What do the next 5,000 days of the internet look like? Kelly says the Internet has already become “one machine” and our devices are windows into it. I wonder how libraries might make the most of this trend?

    Some idle thoughts while I sync the iPhone with new music and apps:

    Understand converged devices are everywhere. The days of “No Cell Phones” in the library are long gone. Courteous cell use in our libraries is very important but banning cell phones – a user’s window, if you will — should by now have gone the way of the dodo. We’ve said this before: these converged devices are much more than just phones. Encourage use. reach out to users this way. 

    Allow unfettered access to the cloud. Locked down PCs won’t help users get to their data. This means offering multiple browsers, providing the fastest connections you can, and security measures that do not block access to what users want. Hardware access too: I carry a 160GB portable drive everywhere with all of my stuff on it. I may need to plug it into your library computer someday to sync data. Please let me.

    Understand that the cloud may also be a valuable information resource in its own right. how many times have we answered a reference question via Facebook, wikipedia,  blog posts, a Flickr picture, etc. These are all viable means to get answers. Tap into user-generated data as a resource. It may become one of our most important mechanisms.

    Utilize the cloud to save time and money. Be aware that Google Docs and similar will only get more share of the application market, as Will Richardson illustrates. Maybe offering access to Google docs and instruction on how to use them would be a useful way to save time and money. That’s why I am so interested in universities contracting with Google for apps and email. Maybe only a few computers in your library will need MS Office in the future. Maybe OpenOffice and some online version of the same will allow us a lot more freedom to spend our dollars and time on other improvements.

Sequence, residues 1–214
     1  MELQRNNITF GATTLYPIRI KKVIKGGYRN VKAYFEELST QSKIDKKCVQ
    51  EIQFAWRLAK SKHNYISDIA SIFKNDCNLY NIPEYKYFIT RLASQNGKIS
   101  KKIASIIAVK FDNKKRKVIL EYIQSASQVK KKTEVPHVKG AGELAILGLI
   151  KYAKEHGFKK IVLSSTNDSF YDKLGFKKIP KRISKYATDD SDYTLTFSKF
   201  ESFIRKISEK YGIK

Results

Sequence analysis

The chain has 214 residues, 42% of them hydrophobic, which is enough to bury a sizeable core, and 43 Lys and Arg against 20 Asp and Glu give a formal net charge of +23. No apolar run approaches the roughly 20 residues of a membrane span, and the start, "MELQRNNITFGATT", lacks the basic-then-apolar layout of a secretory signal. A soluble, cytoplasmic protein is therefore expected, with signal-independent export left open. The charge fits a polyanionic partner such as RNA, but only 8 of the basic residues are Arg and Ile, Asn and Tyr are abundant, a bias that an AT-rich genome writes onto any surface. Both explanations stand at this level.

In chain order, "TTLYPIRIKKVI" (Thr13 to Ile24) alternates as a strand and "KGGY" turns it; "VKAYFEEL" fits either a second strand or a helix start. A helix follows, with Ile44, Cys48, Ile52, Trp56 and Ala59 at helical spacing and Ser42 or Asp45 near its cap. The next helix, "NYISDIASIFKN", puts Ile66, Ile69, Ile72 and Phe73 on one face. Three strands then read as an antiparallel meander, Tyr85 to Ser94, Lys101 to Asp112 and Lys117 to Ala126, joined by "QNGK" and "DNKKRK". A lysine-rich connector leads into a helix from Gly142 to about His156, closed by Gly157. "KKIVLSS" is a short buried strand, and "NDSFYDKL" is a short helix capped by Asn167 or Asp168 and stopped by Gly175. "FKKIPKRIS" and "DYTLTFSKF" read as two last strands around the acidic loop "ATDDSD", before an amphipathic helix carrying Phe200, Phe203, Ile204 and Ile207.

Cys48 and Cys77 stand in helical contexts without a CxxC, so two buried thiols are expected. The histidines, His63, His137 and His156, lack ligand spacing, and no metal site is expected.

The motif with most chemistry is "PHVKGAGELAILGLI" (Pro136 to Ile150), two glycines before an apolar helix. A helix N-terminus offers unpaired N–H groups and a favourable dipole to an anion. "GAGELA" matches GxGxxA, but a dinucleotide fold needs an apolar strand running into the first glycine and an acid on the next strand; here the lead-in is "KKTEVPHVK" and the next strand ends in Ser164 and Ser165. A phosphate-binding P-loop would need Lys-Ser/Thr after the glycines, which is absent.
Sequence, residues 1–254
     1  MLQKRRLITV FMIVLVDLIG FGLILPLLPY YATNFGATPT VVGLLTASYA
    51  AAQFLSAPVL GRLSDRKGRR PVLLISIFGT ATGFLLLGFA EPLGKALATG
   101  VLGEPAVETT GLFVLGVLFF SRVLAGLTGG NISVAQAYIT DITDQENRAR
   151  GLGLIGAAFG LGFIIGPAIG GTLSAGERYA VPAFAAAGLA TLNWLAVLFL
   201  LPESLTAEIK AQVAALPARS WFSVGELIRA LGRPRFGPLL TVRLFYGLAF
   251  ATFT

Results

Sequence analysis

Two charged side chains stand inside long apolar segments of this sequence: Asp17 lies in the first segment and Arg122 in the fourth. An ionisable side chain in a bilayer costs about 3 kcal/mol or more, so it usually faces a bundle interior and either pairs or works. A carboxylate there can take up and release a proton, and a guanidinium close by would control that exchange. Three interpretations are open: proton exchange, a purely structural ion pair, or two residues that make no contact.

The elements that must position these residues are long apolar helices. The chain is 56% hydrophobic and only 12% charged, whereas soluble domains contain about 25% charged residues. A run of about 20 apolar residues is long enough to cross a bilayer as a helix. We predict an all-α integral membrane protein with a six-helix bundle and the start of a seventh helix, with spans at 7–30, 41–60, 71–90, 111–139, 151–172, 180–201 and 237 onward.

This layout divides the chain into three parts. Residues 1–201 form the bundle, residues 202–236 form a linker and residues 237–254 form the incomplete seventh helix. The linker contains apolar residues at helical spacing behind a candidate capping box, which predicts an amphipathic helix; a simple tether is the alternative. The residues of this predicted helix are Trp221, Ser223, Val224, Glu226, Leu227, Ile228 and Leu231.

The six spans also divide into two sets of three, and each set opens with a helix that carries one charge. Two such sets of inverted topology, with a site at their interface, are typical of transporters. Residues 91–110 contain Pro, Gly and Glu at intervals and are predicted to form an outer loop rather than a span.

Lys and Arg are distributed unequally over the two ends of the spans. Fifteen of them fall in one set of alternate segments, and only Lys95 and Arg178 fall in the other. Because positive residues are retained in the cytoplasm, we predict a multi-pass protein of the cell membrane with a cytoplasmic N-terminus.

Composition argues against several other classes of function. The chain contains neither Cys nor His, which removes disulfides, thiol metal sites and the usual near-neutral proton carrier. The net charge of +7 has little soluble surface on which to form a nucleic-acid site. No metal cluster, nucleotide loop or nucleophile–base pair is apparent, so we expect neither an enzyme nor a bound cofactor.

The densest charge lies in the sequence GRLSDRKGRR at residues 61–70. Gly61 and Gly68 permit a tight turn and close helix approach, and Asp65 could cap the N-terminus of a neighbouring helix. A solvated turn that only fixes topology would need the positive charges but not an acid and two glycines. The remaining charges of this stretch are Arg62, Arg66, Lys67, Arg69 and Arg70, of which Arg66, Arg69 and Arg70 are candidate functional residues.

Understand the importance of personalization. Kelly addresses this toward the end of his talk. People are personalizing their information experiences and spaces. How many years has Amazon welcomed me back with open arms, and a few suggestions for purchase?  Libraries should allow them to do the same with our systems and services. Look at some of the recent innovations with OPACs to see where this is headed. Affording personalized connections into the cloud might make the library a gateway to user’s data and put library resources in their view. Blocking access — Facebook? MySpace? — negates this benefit and dampens this possibility.

    Local and Personalized

    Don’t miss the most important aspect: localization. Many of the new social networking apps on the iPhone tap into using my location in various ways. It’s messy, weird, kind of silly, but speaks to the promise of what could come. I might easily find three vegetarian restaurants within a mile of a conference hotel via localized search on my device. I might tap into the wisdom of three other hikers while exploring a national park via services like “Find Twitter users near me.” This is where the privacy discussion becomes so important. We need to understand how much is too much (see the image at the right) and how much is too little (“No photos in the library! It’s a privacy thing!”).

    The Kelly video and Will’s post, as well as the little tone my iPhone makes every time an email comes into it from the cloud, gives me a lot to think about.

    How else might we tap into the cloud? What are the great possibilities? What are the pitfalls?

    Flickr image: